import Vue from "vue" ; import VueRouter from "vue-router" ; Vue.use(VueRouter); Copy code
  • Step 3: Configure routing (define routing and instantiate routing objects)
//1. Define routing rules const routes = [ { path : '/' , name : 'Home' , component : Home }, { path : '/about' , name : 'About' , component : () => import ( /* webpackChunkName: "about" */ '.. /views /About.vue' ) } ] //2. Instantiate routing object const router = new VueRouter({ routes }) //3. Export routing instance object Export default Router copy the code
  • Step 4: Mount the routing instance object to the root instance (main.js)
import App from './App.vue' import router from './ router ' new Vue({ router, render : h => h(App) }). Mount $ ( '#app' ) copying the code
  • Step 5: Set up the jump navigation

After clicking, jump to the corresponding routing component (shown as a change in url)

< template > < div id = "app" > < div id = "nav" > <!--Jump navigation--> < router-link to = "/" > Home </router-link > | < router- link to = "/about" > About </router-link > </div > < router-view/> </div > </template > Copy code
  • Step 6: Set the routing exit of the root component template (use routing)

Display the current routing component content according to the url path

<template> < div id = "app" > < div id = "nav" > < router-link to = "/" > Home </router-link > | < router-link to = "/about" > About </router-link > </div > <!-- Route exit--> < router-view/> </div > </template> Copy code

2. Routing mode (hash h5 history)

Front-end routing : It is to ensure that there is only one HTML page, and the page is not refreshed or redirected when interacting with the user, while matching a special URL for each view display form in the SPA. This special URL is used for refresh, forward, backward and SEO. To achieve this goal, we need to do the following two things:

  • Change the url and prevent the browser from sending requests like the server.
  • Can monitor the change of url

The model of vue-router has two modes: hash mode and history mode.

hash mode

  • Hash mode is to realize the browser rendering the specified components by changing the value behind #. Vue defaults to hash mode.

Description:

  • The hash here refers to the # sign and the following characters after the url.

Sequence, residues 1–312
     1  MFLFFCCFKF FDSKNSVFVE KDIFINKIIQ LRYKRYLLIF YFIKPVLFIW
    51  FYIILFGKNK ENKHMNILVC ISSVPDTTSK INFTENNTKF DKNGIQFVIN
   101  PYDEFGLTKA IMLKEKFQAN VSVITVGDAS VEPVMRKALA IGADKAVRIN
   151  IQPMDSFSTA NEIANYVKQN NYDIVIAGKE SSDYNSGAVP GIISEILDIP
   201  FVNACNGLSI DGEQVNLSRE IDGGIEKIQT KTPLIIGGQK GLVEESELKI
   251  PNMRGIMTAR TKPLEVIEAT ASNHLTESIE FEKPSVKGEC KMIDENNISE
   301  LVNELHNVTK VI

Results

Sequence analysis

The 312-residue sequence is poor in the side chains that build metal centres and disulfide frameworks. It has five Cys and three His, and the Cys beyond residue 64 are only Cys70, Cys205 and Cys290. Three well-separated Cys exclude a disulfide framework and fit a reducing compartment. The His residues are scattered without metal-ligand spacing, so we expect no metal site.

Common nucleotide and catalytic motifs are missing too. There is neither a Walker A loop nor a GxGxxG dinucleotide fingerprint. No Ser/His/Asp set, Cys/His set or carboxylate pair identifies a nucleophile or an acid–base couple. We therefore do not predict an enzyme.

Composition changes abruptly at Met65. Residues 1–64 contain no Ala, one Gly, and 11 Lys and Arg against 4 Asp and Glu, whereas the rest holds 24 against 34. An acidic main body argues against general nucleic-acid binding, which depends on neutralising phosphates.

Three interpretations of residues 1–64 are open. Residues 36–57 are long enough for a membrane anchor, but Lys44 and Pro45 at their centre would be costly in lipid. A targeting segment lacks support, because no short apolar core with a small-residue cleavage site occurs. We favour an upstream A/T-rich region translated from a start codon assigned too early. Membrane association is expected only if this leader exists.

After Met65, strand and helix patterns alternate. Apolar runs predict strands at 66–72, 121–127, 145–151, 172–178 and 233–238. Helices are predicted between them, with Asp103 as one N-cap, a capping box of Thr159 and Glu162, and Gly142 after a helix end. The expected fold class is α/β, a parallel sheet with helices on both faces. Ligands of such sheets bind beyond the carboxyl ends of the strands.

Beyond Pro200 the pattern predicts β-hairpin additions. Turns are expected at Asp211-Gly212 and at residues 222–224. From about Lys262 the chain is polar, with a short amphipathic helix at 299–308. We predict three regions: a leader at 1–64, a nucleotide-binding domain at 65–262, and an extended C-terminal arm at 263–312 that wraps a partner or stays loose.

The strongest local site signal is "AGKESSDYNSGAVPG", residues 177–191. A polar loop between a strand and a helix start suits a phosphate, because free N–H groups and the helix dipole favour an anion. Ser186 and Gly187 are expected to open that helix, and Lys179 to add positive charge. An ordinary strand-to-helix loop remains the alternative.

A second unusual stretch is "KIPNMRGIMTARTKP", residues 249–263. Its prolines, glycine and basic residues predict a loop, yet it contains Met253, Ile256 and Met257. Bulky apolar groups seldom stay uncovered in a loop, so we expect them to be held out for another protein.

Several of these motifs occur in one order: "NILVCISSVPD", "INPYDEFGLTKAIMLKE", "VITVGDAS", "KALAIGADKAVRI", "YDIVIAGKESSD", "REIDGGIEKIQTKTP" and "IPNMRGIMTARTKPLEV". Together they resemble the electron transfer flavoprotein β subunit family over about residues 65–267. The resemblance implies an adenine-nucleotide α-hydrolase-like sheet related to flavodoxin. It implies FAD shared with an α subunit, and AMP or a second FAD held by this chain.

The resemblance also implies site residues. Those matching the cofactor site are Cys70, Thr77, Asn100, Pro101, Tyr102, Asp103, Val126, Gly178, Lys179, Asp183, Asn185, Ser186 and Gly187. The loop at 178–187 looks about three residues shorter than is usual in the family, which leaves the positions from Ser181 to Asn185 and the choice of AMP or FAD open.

• win.loc.hash is obtained.
  • In hash mode, only the content before the hash symbol will be included in the request, and the change of the hash value will not cause the browser to send the request like the server.
  • When the hash changes, the url will be recorded by the browser, so you can use the browser's back.
  • Changing the hash (forward and backward of the browser) will not reload the page, but will trigger the hashchange event.
API used in hash mode:
window .location.hash = 'hash string' ; //used to set the hash value let hash = window .location.hash; //Get the current hash value //Listen to the hash change, and click the browser forward and back to trigger the window .addEventListener ( 'hashchange' , function ( event ) { let newURL = event.newURL; //The new url after the hash change let oldURL = event.oldURL; /before/hash to change the old URL }, to false ) copy the code

Before HTML5, browsers already had a history object. But in the early history, it can only be used for multi-page jumps: history-utilizes the new pushState() and replaceState() methods in the HTML5 History Interface. (Requires specific browser support) These two methods are applied to the browser's history stack. Based on the currently existing back, forward, and go, they provide the function of modifying the history. It's just that when they perform the modification, although the current URL is changed, the browser will not immediately send a request to the backend.

history mode

History mode is to modify the browser's browsing records through the pushState() method to achieve the effect of rendering without requesting the backend. However, it is recommended that the actual project still use the history mode.

const router = new VueRouter({ mode : 'history' , //If not written here, the route defaults to hash mode routes : [...] }) Copy code

Before HTML5, browsers already had a history object. But in the early history, it can only be used

Multiple pages
The jump:

history.go (- . 1 ); //a reverse history.go ( 2 ); //advance two history.forward (); //advance a history.back (); //a reverse copy the code

In the HTML5 specification, history has added the following APIs:

window .history .pushState (state, title, url) /* //Add a new state to the history state stack, while keeping the existing history record, add the url to the history record. state: The data that needs to be saved, a valid Javascript object, this data can be obtained in event.state when the popstate event is triggered title: title, basically useless, generally pass null url: Set the url of the new history record. The origin of the new url and the current url must be the same, otherwise it will be thrown error. The url can be an absolute path or a relative path. If the current url is https://www.baidu.com/a/, execute history.pushState(null, null,'./qq/'), it becomes https://www.baidu.com/a/qq/, Execute history.pushState(null, null,'/qq/'), it becomes https://www.baidu.com/qq/ */ window .history .replaceState (state, title, url) /* //Replace the current state with the new state, and replace the current page history in the history with url. Basically the same as pushState, but it is to modify the current history record, and pushState is to create a new history record */ window .addEventListener ( "the popstate", function () { //Return the current state object //listen to the browser's forward and backward events, pushState and replaceState methods will not be triggered }); Copy code